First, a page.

In the ancient Greek religion, Zeus (Ancient Greek: Ζεύς; Modern Greek: Δίας, Dias) is the "Father of Gods and men" (πατὴρ ἀνδρῶν τε θεῶν τε, patēr andrōn te theōn te) who rules the Olympians of Mount Olympus as a father rules the family. He is the god of sky and thunder in Greek mythology. His Roman counterpart is Jupiter and Etruscan counterpart is Tinia. His Hindu equivalent is Indra.
Zeus is the child of Cronus and Rhea, and the youngest of ...view middle of the document...
 He is known for his erotic escapades. These resulted in many godly and heroic offspring, including Athena, Apollo and Artemis, Hermes, Persephone (by Demeter), Dionysus, Perseus, Heracles, Helen of Troy, Minos, and the Muses (by Mnemosyne); by Hera, he is usually said to have fathered Ares, Hebe and Hephaestus.
As Walter Burkert points out in his book, Greek Religion, "Even the gods who are not his natural children address him as Father, and all the gods rise in his presence." For the Greeks, he was the King of the Gods, who oversaw the universe. As Pausanias observed, "That Zeus is king in heaven is a saying common to all men". In Hesiod's Theogony Zeus assigns the various gods their roles. In the Homeric Hymns he is referred to as the chieftain of the gods.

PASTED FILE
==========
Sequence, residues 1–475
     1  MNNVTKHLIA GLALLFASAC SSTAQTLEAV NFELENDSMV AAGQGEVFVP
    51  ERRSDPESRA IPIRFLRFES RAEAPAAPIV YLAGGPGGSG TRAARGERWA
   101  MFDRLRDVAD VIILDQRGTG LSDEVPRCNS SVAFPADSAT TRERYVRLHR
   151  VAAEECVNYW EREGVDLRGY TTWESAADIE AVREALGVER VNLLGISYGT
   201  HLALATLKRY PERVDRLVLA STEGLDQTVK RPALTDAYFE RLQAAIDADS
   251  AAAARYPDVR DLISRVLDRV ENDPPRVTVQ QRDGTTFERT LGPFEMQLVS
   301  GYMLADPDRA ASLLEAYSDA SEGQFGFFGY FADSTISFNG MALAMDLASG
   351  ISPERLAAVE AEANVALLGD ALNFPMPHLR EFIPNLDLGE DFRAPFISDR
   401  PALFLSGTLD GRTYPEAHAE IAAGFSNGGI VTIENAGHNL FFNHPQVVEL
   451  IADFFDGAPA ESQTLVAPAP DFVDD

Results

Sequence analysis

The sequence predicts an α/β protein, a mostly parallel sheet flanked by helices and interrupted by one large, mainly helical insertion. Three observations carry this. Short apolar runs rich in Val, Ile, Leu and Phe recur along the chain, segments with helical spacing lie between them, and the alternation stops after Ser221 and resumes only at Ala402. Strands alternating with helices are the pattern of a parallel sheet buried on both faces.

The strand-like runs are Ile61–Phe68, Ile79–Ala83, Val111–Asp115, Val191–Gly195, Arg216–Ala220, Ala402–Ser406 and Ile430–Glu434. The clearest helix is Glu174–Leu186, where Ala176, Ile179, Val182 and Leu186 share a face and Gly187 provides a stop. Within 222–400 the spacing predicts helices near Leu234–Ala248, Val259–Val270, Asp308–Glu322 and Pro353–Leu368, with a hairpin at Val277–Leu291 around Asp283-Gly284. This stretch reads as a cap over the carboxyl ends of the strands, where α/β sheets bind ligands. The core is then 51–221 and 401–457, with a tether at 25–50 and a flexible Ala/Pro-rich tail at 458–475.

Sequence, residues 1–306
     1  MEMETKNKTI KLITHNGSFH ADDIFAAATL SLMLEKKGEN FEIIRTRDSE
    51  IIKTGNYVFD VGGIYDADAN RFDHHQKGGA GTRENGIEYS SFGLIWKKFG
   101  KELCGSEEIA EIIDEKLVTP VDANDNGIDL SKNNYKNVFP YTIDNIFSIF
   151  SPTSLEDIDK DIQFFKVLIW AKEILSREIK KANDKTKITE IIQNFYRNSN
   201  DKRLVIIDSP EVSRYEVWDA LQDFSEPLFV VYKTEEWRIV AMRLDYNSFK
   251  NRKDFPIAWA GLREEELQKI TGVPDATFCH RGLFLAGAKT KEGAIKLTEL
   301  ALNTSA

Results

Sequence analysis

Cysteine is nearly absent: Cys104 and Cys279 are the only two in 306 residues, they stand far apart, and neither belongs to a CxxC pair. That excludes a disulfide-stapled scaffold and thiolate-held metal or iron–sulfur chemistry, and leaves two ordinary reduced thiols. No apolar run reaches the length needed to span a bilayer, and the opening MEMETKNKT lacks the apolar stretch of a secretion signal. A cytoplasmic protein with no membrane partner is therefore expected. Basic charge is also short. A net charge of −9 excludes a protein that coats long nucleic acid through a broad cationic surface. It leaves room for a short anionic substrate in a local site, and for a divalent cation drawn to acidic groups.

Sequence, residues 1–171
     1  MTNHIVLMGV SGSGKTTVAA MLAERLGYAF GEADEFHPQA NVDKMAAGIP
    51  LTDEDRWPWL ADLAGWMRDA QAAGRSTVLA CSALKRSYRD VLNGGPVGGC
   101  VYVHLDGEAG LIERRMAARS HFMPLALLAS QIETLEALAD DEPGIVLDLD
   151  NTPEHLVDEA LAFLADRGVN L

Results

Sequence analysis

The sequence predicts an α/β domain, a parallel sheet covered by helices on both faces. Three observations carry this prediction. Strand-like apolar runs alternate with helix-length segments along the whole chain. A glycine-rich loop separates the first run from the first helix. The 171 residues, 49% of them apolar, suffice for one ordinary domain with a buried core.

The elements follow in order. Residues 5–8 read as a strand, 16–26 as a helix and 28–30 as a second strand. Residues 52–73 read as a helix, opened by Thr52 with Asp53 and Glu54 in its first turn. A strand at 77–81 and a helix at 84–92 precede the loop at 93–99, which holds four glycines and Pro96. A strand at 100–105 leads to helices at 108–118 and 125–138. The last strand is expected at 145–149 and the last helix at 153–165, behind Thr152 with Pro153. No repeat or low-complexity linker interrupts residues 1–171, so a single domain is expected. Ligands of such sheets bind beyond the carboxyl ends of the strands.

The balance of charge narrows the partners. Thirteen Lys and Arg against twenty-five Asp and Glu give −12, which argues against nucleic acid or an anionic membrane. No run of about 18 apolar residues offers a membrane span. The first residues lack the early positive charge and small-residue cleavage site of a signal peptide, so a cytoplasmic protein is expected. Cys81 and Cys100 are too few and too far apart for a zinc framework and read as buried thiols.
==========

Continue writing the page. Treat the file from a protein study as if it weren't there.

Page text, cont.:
His symbols are the thunderbolt, eagle, bull, and oak. In addition to his Indo-European inheritance, the classical "cloud-gatherer" also derives certain iconographic traits from the cultures of the Ancient Near East, such as the scepter. Zeus is frequently depicted by Greek artists in one of two poses: standing, striding forward, with a thunderbolt leveled in his raised right hand, or seated in majesty.